The Pondering Pastor

These "Ponderings" originally appeared as articles in our church newsletter or bulletin or just as the musings of one bald pastor. I place them here to encourage you, my fellow blogite and maybe to help us all in our pondering.

Tuesday, February 23, 2010

Fighting Gravity

GRAVITY COMES IN DIFFERENT TYPES. There is the gravity of earth which causes earthquake-shaken walls to fall and the gravity of sin which causes man to fall. Both types remind us of our own limitedness. We are bound by these gravitational forces, and try as we may to break away from the laws of gravity; sooner or later we all come crashing down.

For the past month we have been riveted to the pictures arriving from Haiti and the terrible and tragic results of gravity’s power, but recently another set of pictures have been appearing before our eyes. Pictures and stories of hands raised in the prayer in the midst of the very walls brought down by the earth’s mighty shaking. The call to cry for mercy has been given to the people and the people of Haiti have risen to the call. They are calling to the God of all creation, not only for safety but for salvation, and the all powerful God has heard and has responded.

The people of Haiti are fighting gravity. They are seeking not only safety for their families and homes, but salvation for their hearts as well. Revival is not to great a word to use. The stories of hundreds gathering and calling out, and responding to God’s grace are daily coming across my computer screen. Blogs and emails are declaring the gravity-defeating power of God’s grace.

We rejoice with the news. We declare “Yes, God is good. Yes, this is what the people of Haiti need.” But wait, how much more do we need to defeat the downward pull of the gravity in our own lives? We need to pray that the revival that sweeps the hearts of the Haitians shall sweep our hearts as well. That we too “shall mount up with wings as eagles” to the praise and glory of our gravity-defeating God!

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Sunday, February 14, 2010


EIGHT LETTERS, THREE WORDS, ONE MEANING. That’s what the phrase “I love you” contains, and yet it contains so much more for us.

It seems that everything we know today is being digitized and compacted. Even the powerful words, I love you, have been shortened to things like “I  U” or as in the title of this piece, “831.” The problem is that having done so we also truncate the meaning that those words are to hold.
Love was never meant to be relegated to the domain of words, be they spoken or written. Even the deeply romantic poetry of Shakespeare cannot fully express the truth of love. Love is not love until it has been expressed through some outward action. One of my youth pastor’s once wrote, “Love is an emotion and an act of the will that is in response to an intellectual evaluation of the person’s character,” and I would add, the other person’s need, as well. Love is more than just a warm fuzzy feeling, it is taking action to reach out and meet the needs of the person, or persons, we say that we love.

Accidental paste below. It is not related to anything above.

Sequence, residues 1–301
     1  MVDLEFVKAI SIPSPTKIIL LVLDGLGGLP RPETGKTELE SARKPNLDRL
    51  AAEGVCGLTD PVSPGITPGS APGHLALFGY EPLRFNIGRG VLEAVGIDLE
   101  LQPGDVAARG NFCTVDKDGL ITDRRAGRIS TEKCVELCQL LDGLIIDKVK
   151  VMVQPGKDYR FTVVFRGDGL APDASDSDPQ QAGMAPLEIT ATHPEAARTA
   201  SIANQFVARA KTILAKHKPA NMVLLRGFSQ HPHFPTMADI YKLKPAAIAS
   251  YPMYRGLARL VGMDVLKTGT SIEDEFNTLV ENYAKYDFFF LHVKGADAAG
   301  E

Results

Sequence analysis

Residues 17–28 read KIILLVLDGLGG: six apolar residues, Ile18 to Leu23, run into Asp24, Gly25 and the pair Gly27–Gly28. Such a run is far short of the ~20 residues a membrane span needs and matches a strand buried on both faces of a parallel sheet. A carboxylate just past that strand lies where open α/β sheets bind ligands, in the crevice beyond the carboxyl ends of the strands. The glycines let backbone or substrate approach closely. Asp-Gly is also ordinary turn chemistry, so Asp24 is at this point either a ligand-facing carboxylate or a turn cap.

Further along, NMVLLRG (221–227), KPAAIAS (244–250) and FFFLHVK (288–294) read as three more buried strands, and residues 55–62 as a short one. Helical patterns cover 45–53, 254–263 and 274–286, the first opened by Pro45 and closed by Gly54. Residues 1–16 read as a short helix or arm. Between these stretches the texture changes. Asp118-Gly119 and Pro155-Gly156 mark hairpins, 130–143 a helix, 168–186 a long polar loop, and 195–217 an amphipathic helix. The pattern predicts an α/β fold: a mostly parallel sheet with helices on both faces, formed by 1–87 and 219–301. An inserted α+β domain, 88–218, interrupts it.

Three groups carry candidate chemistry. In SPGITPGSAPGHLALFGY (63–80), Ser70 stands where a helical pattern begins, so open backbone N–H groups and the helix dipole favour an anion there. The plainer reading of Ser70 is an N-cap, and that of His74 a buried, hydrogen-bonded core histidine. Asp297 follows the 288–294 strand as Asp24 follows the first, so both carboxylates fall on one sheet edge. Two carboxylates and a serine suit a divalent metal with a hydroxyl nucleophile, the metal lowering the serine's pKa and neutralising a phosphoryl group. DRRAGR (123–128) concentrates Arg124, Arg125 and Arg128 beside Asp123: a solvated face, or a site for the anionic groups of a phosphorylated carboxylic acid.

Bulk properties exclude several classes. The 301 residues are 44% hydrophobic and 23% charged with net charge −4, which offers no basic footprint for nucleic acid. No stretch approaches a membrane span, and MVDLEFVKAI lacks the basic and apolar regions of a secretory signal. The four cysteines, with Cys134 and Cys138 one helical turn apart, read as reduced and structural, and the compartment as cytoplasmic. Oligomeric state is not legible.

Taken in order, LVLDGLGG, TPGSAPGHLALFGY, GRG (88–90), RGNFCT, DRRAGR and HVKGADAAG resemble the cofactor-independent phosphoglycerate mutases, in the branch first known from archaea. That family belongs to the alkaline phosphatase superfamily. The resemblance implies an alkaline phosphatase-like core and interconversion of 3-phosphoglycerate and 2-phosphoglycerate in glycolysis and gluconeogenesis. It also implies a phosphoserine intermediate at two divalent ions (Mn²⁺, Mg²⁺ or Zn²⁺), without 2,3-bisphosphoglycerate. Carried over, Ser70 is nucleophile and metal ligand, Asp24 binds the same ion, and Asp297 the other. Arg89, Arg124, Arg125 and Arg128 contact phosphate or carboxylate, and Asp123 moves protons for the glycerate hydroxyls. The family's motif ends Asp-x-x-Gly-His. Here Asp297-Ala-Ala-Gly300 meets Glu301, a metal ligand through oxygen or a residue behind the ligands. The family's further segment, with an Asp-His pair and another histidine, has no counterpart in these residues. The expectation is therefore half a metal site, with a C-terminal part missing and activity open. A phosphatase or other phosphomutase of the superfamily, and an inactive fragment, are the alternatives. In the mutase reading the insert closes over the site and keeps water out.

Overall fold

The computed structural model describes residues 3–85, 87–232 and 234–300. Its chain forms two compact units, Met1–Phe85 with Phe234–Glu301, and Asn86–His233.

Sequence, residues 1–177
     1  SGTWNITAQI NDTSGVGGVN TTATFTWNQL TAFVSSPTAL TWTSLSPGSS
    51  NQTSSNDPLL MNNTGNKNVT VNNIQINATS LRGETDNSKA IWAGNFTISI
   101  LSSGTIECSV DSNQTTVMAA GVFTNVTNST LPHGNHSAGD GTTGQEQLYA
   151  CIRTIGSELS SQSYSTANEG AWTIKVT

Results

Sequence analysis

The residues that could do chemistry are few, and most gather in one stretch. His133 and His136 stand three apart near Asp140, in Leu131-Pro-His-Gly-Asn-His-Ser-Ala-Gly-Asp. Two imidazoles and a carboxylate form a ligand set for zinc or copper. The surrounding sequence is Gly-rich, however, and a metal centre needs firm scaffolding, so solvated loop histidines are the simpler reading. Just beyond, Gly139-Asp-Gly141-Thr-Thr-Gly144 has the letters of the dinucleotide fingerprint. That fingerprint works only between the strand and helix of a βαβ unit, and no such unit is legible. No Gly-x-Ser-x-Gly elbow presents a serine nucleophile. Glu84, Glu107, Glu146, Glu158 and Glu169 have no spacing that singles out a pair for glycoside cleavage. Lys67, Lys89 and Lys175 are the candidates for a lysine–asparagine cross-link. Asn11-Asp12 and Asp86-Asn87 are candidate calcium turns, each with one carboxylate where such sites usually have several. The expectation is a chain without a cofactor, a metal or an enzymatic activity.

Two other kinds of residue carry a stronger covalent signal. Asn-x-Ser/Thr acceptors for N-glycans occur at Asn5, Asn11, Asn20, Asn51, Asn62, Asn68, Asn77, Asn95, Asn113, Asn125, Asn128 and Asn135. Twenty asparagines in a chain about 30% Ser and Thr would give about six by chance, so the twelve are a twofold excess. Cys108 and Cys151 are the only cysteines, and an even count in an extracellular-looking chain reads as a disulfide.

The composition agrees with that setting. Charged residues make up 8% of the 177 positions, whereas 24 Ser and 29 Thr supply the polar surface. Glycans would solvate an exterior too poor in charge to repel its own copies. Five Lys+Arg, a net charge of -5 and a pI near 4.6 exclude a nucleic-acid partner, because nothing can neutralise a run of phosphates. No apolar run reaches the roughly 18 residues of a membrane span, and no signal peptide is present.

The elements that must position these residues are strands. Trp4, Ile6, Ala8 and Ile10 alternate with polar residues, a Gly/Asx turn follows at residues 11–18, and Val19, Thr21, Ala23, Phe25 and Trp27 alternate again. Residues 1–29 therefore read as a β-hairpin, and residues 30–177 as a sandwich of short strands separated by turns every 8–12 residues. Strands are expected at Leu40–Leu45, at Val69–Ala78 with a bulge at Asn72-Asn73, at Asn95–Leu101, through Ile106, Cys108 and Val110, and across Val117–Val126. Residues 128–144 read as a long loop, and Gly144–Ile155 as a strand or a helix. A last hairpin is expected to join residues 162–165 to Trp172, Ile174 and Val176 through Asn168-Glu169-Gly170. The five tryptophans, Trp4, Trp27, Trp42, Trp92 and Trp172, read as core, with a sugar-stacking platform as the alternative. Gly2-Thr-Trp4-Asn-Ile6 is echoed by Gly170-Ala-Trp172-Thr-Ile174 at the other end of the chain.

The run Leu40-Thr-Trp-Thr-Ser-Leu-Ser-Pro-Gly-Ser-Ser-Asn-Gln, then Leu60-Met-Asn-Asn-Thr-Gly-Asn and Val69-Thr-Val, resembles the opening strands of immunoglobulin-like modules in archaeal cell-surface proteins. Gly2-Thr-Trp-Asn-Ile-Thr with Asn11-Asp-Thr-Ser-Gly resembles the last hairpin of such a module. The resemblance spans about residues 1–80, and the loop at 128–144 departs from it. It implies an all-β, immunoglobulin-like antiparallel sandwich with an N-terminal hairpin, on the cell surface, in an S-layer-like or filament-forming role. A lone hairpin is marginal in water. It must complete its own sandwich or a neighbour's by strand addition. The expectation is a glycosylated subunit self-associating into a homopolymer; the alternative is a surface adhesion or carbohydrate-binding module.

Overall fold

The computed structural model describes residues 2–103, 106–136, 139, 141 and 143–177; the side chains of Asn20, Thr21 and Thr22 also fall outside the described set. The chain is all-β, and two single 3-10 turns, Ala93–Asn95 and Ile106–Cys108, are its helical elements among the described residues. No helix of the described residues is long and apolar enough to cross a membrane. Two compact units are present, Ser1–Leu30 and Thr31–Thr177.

This is the love that God has for us. Not just a love of kind and happy thoughts, but a love that saw our need and did what was necessary to meet that need. It is expressed well in the Apostle Paul’s letter to the church in Rome, he wrote, “But God demonstrates his own love for us in this: While we were still sinners, Christ died for us.” (Romans 5:8) God sending His own Son to die in our place, to die so we would not have to (Mark 10:45). Now, there is love expressed, not in words alone but in a selfless sacrifice. And it is in His love for us that we are to find our example of how we are to love others, be they family, friend, or foe.

As we have been loved, so let us love.
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Saturday, February 13, 2010

A Metaphor about the Church

I came across this great lesson from Pastor Francis Chan, the teaching pastor at Cornerstone Church in Simi Valley, CA. Nothing teaches like a good story.

The Big Red Tractor from Jacob Lewis on Vimeo.

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Sunday, February 07, 2010


“GOOD ENOUGH FOR GOVERNMENT WORK,” or so the saying goes. That’s the way many people face their tasks in life. Whether they are working at the office, or working at school or working around the house, it’s all about doing just do enough to “get by.” We tell ourselves that we don’t have to do our best because nobody’s going to notice anyway. We often only do our best when it matters to do our best, otherwise good enough is good enough.

I wonder what our world would be like if God had the same attitude when it came to creation?

What would it be like if God, at the end of each day of creation, looked around and saw that it was “good enough?” What if day and night only worked when we were paying attention, or gravity had away of not working every so often? What would this world be like if sometimes cows flew, or the sea drained every fourth Thursday? Needless to say, our world would be in quite a mess if at the end of God’s creative work He would have sat back and declared under His breath, “Well, it’s good enough for government work.”

Thankfully, God doesn’t work that way. And neither should we!

God made things to work correctly, even those things that we may never see. And as those created in His image we should give the same due diligence to our work. Sure, we can never be perfect in our creative work as God is, but that doesn’t mean we shouldn’t give it our best, whether were cooking a meal, parsing a sentence, writing computer code, or mowing the lawn, we should all e able to look back over our day and say that it was good for we gave it our best, even when no one was looking.

Oh wait, He was looking, so give it your best!
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